reptile Reptiles, as most commonly defined, are the animals in the class Class or The Class may refer to: Common uses not otherwise categorized * Class (biology), a taxonomic rank * Class (knowledge representation), a collection of individuals or ...

reptile
s,
mammal Mammals (from Latin Latin (, or , ) is a classical language A classical language is a language A language is a structured system of communication Communication (from Latin ''communicare'', meaning "to share" or "to be i ...
s and
bird Birds are a group of warm-blooded vertebrate Vertebrates () comprise all species of animal Animals (also called Metazoa) are multicellular eukaryotic organisms that form the Kingdom (biology), biological kingdom Animalia. With ...

bird
s need fresh water to survive. Fresh water is not always
potable water Drinking water, also known as potable water, is water Water is an Inorganic compound, inorganic, Transparency and translucency, transparent, tasteless, odorless, and Color of water, nearly colorless chemical substance, which is the main ...

potable water
, that is, water safe to drink by
human Humans (''Homo sapiens'') are the most abundant and widespread species In biology, a species is the basic unit of biological classification, classification and a taxonomic rank of an organism, as well as a unit of biodiversity. A speci ...

human
s. Much of the
earth Earth is the third planet from the Sun and the only astronomical object known to harbour and support life. 29.2% of Earth's surface is land consisting of continents and islands. The remaining 70.8% is Water distribution on Earth, covered wi ...

earth
's fresh water (on the surface and groundwater) is to a substantial degree unsuitable for human consumption without some treatment. Fresh water can easily become
polluted by human activities
polluted by human activities
or due to naturally occurring processes, such as erosion. Fresh water is a renewable and variable, but finite
natural resource Natural resources are resource Resource refers to all the materials available in our environment which help us to satisfy our needs and wants. Resources can broadly be classified upon their availability — they are classified into renewabl ...
. Fresh water can only be replenished through the process of the
water cycle The water cycle, also known as the hydrologic cycle or the hydrological cycle, is a biogeochemical cycle In ecology Ecology (from el, οἶκος, "house" and el, -λογία, label=none, "study of") is the study of the relationships ...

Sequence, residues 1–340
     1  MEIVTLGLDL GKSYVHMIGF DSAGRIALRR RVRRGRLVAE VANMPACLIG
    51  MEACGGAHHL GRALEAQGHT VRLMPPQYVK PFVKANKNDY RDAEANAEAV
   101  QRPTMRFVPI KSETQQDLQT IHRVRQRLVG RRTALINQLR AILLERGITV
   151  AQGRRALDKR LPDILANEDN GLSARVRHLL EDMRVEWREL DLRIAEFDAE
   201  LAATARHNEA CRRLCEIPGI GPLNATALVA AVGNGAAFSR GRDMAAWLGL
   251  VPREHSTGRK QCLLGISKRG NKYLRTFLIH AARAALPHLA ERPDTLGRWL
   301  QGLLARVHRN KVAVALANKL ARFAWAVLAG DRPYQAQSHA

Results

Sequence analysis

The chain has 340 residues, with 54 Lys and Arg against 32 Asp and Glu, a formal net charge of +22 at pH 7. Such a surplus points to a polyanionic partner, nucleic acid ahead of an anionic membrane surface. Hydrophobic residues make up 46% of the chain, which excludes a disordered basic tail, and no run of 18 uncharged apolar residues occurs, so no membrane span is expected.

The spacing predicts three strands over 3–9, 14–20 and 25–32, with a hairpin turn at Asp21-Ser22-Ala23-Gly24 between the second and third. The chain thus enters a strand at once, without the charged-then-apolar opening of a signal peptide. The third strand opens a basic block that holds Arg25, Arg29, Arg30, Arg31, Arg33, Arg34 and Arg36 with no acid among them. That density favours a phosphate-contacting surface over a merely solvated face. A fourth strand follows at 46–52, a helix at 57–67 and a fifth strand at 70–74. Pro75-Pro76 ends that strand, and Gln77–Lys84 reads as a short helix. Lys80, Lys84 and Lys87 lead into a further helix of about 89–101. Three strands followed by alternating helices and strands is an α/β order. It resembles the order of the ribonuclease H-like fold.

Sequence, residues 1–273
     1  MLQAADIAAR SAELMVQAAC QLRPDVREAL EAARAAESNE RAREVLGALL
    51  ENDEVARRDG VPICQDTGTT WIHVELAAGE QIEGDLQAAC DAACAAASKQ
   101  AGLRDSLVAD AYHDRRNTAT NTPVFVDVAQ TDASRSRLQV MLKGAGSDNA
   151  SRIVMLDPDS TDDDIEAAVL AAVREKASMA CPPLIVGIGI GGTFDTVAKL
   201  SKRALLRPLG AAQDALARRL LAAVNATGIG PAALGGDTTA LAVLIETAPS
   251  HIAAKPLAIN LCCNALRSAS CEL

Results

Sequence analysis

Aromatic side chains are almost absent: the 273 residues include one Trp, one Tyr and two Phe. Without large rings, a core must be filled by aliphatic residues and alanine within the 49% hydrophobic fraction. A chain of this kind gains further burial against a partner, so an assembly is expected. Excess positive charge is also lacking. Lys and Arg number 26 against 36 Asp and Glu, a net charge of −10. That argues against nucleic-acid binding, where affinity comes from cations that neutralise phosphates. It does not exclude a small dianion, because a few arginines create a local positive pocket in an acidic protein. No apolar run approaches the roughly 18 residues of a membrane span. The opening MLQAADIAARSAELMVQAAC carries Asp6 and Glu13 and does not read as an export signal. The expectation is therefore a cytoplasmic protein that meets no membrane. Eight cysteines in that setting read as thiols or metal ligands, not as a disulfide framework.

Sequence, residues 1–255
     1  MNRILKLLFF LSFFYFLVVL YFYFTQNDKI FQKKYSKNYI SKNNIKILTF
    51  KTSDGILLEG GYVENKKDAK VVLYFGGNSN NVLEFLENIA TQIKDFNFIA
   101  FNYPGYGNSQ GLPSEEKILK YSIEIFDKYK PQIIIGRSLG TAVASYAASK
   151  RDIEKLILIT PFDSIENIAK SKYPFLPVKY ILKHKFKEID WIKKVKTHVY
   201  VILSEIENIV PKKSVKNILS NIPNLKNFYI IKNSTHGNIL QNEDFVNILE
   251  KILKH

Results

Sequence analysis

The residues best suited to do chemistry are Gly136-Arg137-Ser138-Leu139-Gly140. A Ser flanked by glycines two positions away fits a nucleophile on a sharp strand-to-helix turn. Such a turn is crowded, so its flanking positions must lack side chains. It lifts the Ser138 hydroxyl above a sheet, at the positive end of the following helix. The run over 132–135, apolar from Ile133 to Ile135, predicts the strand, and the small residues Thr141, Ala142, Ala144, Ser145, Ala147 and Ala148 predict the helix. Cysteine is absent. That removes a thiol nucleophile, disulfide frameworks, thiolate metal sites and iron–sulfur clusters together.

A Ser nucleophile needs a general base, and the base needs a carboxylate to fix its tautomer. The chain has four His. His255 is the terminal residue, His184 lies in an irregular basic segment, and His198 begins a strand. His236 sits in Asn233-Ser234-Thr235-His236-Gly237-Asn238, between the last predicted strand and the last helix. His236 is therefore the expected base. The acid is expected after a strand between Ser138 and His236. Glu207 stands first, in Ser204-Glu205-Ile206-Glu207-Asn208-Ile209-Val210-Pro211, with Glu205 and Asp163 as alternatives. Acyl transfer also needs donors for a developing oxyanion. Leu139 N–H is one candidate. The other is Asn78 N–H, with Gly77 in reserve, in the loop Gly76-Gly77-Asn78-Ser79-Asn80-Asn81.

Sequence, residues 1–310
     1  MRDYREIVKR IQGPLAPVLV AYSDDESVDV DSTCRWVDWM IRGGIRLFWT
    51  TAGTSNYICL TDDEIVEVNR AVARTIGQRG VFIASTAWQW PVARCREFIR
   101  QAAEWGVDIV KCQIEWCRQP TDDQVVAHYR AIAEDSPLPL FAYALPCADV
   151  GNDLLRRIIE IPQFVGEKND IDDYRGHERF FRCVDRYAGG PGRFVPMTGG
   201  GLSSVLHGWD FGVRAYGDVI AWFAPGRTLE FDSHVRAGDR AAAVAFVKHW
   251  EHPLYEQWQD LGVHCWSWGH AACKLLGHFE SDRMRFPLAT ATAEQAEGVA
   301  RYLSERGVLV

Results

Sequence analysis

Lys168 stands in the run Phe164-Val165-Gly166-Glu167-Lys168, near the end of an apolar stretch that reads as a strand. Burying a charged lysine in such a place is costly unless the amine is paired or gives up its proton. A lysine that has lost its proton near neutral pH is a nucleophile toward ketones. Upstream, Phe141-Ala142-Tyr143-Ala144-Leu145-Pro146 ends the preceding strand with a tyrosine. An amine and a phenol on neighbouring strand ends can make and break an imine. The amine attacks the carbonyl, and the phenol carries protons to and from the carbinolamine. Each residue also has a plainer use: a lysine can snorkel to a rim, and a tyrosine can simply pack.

water cycle
, in which water from seas, lakes, forests, land, rivers and
reservoirs A reservoir (; from French language, French ''réservoir'' ) is most commonly an enlarged natural or artificial lake created using a dam to water storage, store water. Reservoirs can be created in a number of ways, including controlling a wate ...

reservoirs
evaporates, forms
cloud In meteorology, a cloud is an aerosol consisting of a visible mass of minute liquid drop (liquid), droplets, ice crystals, frozen crystals, or other particulates, particles suspended in the atmosphere of a planetary body or similar space. Wate ...

cloud
s, and returns inland as precipitation. Locally, however, if more fresh water is consumed through human activities than is naturally restored, this may result in reduced fresh water availability (or
water scarcity Water scarcity (water stress or water crisis) is the lack of fresh water resources to meet the standard water demand. Humanity is facing a water crisis, due to unequal distribution (exacerbated by climate change Climate change inclu ...

water scarcity
) from surface and underground sources and can cause serious damage to surrounding and associated environments.
Water pollution Water pollution (or aquatic pollution) is the contamination of water bodies ( Lysefjord) in Norway Norway ( nb, ; nn, ; se, Norga; smj, Vuodna; sma, Nöörje), officially the Kingdom of Norway, is a Nordic countries, Nordic c ...

Water pollution
and subsequent
eutrophication Eutrophication (from Greek ''eutrophos'', "well-nourished") is the process by which an entire body of water (Lysefjord) in Norway Norway, officially the Kingdom of Norway,Names in the official and recognised languages: Bokmål Bokmå ...

eutrophication
also reduces the availability of fresh water.


Definitions


Numerical definition

Fresh water can be defined as water with less than 1000
parts per million In science Science (from the Latin word ''scientia'', meaning "knowledge") is a systematic enterprise that Scientific method, builds and Taxonomy (general), organizes knowledge in the form of Testability, testable explanations and predictio ...